A weekend or more on Pelee Island, the southernmost inhabited spot in Canada, is a great place to try out the concept known as slow travel. And that’s just what my husband and I, along with my mother in law, did last weekend. This is a place where time stands still. Cellphones don’t always work. And forget looking for wireless for your computer. But there are things to do if that’s what you want or you can very easily and quite happily do nothing. Pelee Island is not a place to come looking for nightlife and excitement. Instead think birds and beaches, vineyards, quiet forest trails and friendly locals. And the three R’s – reading, relaxation, recharging.
But first you have to get there.
Baltimore Oriole feasting on an orange
Where is Pelee Island?
Pelee Island sits just above the Canada – United States border – a whopping 800 kilometers south of Vancouver, British Columbia. Canada’s version of the Deep South. It’s a 90 minute ferry ride away from Leamington – Canada’s Tomato Capital in case you didn’t know. Only a few ferries run every day so be sure to make a reservation – which costs nothing – ahead of time. You need to phone to make the reservation. Happily you deal with a live person almost immediately – and a helpful one at that. (Ph: 1-800-661-2220 or 1 -519-724-2115). Interestingly, on our return the ferry captain made an announcement that we would travel to Kingsville, not Leamington, about 14 kilometres further west. I’m not sure how often that happens. You can also take a seasonal ferry to the island via Sandusky, Ohio, a town roughly half way between Cleveland and Toledo. Call the same number noted above to make the reservation. That ferry ride is ¾ hours long.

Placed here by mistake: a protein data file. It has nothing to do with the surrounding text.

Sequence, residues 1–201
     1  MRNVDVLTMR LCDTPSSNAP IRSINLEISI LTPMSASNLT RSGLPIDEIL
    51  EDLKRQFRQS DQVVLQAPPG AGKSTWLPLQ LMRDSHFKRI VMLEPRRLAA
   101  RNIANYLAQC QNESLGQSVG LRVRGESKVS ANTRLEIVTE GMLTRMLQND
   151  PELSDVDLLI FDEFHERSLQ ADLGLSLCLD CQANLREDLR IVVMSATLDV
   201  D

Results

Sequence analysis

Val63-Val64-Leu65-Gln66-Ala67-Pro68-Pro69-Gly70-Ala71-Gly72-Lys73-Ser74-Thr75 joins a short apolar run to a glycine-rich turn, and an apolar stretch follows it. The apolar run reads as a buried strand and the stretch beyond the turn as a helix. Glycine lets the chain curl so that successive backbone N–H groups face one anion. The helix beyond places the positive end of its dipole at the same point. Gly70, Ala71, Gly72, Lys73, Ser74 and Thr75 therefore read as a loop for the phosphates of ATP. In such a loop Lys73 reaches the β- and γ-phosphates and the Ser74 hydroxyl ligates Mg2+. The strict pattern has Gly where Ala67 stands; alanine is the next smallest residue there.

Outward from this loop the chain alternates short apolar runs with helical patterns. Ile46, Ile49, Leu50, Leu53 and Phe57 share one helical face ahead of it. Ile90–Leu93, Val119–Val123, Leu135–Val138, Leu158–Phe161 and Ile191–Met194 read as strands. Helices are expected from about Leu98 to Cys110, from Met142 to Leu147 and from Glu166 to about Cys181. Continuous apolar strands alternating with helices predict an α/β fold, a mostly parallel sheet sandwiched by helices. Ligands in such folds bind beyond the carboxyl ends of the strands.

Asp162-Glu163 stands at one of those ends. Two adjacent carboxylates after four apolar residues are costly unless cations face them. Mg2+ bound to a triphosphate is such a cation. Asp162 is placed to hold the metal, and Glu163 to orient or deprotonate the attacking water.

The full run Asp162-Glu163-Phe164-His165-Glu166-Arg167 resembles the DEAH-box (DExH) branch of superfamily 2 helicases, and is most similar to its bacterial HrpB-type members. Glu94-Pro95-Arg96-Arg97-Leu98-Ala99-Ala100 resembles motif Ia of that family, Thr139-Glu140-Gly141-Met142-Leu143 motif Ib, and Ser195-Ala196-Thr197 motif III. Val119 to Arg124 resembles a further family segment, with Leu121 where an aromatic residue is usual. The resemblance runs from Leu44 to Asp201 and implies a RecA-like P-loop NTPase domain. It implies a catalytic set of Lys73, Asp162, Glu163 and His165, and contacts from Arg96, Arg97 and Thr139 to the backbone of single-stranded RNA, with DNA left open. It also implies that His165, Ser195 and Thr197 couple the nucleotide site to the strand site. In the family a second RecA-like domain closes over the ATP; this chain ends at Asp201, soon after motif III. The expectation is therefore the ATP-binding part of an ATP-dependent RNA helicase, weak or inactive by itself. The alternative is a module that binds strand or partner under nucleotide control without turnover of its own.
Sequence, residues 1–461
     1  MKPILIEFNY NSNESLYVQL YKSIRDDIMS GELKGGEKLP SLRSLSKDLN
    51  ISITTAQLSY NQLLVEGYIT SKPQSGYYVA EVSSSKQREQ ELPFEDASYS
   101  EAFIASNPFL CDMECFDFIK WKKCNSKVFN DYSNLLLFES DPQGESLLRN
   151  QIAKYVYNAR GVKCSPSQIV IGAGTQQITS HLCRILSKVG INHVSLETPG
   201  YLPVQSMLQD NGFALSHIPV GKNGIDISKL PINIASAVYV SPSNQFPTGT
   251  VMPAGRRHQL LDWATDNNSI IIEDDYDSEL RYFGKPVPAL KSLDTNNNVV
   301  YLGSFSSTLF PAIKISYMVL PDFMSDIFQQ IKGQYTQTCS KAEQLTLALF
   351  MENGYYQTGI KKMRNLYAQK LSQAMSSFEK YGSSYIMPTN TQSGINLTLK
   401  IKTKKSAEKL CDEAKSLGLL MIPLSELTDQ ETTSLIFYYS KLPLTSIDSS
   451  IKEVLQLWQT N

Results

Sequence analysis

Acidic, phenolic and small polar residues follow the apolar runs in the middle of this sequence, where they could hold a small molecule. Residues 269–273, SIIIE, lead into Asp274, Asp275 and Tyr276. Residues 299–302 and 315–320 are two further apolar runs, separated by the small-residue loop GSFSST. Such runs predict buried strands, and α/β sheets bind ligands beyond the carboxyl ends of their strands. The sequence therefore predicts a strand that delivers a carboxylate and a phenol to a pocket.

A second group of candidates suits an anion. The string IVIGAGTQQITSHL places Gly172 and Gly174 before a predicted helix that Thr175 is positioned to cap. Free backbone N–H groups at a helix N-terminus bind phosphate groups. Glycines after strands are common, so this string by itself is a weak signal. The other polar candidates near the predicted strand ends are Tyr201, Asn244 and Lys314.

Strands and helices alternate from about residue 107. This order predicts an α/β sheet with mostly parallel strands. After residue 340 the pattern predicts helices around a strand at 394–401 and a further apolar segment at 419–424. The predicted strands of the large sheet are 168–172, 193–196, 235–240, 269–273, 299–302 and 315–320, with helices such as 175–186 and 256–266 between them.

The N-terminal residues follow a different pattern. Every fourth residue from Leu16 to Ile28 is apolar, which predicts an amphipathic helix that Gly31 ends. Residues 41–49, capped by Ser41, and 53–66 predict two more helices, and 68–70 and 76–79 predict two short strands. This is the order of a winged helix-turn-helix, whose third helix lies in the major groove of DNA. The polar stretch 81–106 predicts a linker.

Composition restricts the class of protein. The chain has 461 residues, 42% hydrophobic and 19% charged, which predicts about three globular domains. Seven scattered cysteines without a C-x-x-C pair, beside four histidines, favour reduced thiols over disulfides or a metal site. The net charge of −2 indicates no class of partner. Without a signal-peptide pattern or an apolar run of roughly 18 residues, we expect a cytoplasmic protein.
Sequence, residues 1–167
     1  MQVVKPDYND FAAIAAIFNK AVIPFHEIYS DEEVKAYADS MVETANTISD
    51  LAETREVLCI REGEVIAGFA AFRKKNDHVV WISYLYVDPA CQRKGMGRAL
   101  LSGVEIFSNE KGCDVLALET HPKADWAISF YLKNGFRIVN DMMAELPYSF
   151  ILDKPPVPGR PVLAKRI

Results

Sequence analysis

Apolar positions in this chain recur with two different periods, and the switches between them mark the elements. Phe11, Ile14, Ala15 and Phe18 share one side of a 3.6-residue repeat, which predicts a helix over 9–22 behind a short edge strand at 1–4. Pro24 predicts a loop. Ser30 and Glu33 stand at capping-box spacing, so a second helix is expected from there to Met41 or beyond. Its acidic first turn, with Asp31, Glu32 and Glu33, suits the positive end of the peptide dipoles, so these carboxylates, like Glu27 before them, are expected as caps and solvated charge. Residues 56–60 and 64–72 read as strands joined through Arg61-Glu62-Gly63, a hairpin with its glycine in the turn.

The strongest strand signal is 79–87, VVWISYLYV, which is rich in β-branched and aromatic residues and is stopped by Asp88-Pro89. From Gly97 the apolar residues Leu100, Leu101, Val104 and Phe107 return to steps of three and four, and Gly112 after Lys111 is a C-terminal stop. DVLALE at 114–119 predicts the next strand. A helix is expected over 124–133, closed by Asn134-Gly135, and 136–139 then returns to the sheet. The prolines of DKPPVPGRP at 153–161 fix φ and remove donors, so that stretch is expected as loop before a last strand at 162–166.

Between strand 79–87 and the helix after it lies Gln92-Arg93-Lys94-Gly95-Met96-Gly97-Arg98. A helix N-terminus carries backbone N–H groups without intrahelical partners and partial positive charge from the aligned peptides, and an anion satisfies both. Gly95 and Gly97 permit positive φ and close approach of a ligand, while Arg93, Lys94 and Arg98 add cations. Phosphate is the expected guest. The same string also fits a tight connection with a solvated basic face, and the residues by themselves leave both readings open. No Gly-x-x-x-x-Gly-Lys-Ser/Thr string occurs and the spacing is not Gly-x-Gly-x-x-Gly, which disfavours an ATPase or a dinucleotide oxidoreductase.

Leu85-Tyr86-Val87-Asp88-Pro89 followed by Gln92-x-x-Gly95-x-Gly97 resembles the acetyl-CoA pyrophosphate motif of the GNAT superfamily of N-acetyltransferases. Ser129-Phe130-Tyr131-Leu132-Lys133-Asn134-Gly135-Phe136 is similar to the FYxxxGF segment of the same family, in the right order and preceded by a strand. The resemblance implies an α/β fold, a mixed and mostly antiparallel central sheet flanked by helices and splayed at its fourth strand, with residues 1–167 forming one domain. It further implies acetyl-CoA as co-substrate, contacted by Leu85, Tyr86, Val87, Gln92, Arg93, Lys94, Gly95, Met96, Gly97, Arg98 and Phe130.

Then what do you do on Pelee Island?
On a warm May weekend there seemed to be as many cyclists and walkers as there were cars getting off the ferry. Young people headed for the beach with coolers full of beer. Cyclists headed off to explore the island. We began with lunch.
Conorlee’s Bakery and Delicatessen was stop number one. We figured that any restaurant with the world bakery in it, was worth checking out. And this one did not disappoint. We arrived at the bakery via a short drive from the ferry past the Stoneman, a testament to island perseverance, and the shoe tree, a testament to we don’t know what. The bakery was great. Picnic tables set up under shady trees, allowed you to eat while watching the numerous Baltimore orioles feeding on oranges set out in the tree. Offerings of freshly made soup, made to order sandwiches, deli items, salads and baked goods ensured we were well fed and ready to continue exploring.